Despite Amendment One, city of Charlotte will still offer same-sex couples benefits

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"Out of the bars and into the streets!"

On Tuesday night, a young man in glasses, a blue shirt and yellow tie led a chant made famous in 1977 by activist Harvey Milk, dubbed the Mayor of Castro Street in San Francisco. Milk led 3,000 angry gays and lesbians on a five mile march through San Francisco after a conservative-led reversal of a civil rights ordinance in Miami that made discrimination based on sexual orientation illegal.

Petra's Bar on Commonwealth Avenue became a makeshift Castro Street Tuesday night after Amendment One passed.

Many bar goers took to the streets after 61 percent of voters passed a constitutional action that makes marriage between one man and one woman the only legal union in the state. While the ramifications of the amendment are still unknown, LaWana Mayfield, the first openly gay elected official in Charlotte, said the city of Charlotte will go forward with its plan to offer domestic-partnership benefits to its employees. City Manager Curt Walton has also been a proponent of offering health and wellness benefits to same-sex couples.

North Carolina is the last Southern state, and 31st overall, to pass a constitutional prohibition on same-sex marriage. Amendment One, as it's commonly referred to, will go into effect on Jan. 1, 2013.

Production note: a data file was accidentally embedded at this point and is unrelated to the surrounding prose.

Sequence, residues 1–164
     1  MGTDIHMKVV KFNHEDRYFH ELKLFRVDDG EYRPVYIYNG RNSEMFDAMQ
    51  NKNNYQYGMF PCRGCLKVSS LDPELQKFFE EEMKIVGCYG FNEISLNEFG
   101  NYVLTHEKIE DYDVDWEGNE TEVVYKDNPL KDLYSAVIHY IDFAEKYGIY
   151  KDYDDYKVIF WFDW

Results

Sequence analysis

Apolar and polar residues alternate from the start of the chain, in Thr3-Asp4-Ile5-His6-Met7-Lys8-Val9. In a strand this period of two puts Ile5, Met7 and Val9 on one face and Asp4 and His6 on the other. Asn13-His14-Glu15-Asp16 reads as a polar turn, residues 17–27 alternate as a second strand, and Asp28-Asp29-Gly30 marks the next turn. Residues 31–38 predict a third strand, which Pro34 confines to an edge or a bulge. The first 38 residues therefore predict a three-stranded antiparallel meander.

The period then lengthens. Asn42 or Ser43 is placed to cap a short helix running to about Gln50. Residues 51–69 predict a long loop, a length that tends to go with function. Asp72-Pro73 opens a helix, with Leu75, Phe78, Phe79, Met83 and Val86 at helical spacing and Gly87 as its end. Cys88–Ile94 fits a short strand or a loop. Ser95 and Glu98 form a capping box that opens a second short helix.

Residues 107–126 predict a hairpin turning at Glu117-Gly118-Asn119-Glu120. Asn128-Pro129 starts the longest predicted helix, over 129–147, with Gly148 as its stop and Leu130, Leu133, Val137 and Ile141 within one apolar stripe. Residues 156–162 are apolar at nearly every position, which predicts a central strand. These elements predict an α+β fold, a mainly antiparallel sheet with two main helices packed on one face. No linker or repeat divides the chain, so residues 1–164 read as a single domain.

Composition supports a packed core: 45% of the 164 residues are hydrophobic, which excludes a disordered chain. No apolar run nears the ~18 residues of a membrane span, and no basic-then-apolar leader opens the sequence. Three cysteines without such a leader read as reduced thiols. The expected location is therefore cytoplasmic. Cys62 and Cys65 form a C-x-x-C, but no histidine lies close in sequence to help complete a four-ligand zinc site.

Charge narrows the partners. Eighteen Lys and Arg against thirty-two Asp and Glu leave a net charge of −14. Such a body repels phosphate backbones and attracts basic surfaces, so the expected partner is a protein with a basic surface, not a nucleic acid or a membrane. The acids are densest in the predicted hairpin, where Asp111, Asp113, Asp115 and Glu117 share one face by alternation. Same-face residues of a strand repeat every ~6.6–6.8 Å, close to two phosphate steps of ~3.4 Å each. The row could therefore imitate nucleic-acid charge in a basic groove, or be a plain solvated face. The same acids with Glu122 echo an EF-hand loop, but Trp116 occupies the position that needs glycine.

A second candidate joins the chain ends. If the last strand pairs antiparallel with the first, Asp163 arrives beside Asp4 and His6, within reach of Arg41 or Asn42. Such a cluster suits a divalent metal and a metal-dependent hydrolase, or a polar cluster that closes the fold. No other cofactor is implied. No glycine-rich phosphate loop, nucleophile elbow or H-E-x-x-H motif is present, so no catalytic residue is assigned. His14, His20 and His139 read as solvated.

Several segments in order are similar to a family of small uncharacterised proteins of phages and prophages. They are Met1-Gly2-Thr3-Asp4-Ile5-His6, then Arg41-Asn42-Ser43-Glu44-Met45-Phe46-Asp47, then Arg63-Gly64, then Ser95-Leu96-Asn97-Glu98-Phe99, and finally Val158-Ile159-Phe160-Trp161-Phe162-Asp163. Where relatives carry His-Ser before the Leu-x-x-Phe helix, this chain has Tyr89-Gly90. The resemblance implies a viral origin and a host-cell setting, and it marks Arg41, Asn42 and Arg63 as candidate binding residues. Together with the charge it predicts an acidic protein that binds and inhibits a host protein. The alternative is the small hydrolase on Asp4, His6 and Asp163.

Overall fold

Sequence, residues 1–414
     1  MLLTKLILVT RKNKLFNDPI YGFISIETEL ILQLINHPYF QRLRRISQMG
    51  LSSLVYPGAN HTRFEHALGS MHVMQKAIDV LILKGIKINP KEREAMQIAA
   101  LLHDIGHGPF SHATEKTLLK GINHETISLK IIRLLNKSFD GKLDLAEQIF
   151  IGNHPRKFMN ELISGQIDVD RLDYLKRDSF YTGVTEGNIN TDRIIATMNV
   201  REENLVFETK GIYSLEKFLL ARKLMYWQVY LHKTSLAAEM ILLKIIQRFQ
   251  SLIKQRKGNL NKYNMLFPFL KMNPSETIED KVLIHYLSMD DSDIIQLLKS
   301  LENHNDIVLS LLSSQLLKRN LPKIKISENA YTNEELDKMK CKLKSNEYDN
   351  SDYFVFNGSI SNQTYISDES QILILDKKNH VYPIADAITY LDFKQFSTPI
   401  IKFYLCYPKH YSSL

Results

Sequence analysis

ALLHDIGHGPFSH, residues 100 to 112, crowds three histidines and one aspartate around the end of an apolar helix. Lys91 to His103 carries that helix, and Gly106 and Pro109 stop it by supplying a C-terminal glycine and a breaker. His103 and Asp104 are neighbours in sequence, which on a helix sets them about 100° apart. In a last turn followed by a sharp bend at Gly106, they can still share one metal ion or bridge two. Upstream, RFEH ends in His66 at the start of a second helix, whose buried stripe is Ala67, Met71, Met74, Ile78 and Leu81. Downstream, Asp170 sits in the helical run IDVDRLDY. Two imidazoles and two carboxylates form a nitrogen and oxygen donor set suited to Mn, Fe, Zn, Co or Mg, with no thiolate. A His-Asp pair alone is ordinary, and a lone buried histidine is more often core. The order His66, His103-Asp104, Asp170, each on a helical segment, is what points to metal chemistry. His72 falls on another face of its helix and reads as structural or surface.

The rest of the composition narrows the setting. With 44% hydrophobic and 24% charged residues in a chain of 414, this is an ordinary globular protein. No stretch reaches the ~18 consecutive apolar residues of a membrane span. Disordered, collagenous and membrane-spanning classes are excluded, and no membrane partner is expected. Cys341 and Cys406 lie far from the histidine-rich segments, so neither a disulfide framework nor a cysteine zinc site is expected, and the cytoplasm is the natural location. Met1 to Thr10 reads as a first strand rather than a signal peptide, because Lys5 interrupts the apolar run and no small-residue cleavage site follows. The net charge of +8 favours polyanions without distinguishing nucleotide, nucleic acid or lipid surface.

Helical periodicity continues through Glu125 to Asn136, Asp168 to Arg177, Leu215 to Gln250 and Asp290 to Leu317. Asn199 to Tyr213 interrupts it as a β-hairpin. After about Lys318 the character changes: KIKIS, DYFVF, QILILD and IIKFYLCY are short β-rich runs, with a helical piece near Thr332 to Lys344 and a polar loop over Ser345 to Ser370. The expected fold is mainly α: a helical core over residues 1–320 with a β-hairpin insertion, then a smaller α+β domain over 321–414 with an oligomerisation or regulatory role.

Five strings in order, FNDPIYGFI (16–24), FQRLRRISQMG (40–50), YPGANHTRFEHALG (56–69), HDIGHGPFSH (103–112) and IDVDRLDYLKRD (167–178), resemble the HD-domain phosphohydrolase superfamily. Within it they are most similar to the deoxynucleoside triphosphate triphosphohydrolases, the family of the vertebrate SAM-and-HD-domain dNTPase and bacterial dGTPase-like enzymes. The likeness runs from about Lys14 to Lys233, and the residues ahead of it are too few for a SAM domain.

The disappointment and heartache was palpable after it passed Tuesday evening. Teal-shirted volunteers from the Coalition to Protect North Carolina Families held on to each other as the local news showed the election returns. Tears and shouts of anger soon followed.

"The community as a whole missed an opportunity to make stand against discrimination and there are going to be repercussions," Mayfield said.

Like Milk, who after that 1977 march became the first openly gay elected official in the United States, Mayfield is determined and hopeful. She said the constitutional amendment will not regulate how the city views finding and retaining quality staff.

"We may be the test case where we recognize the importance of making sure all of our employees have equal access," she said. "We're not going to let this stop us."

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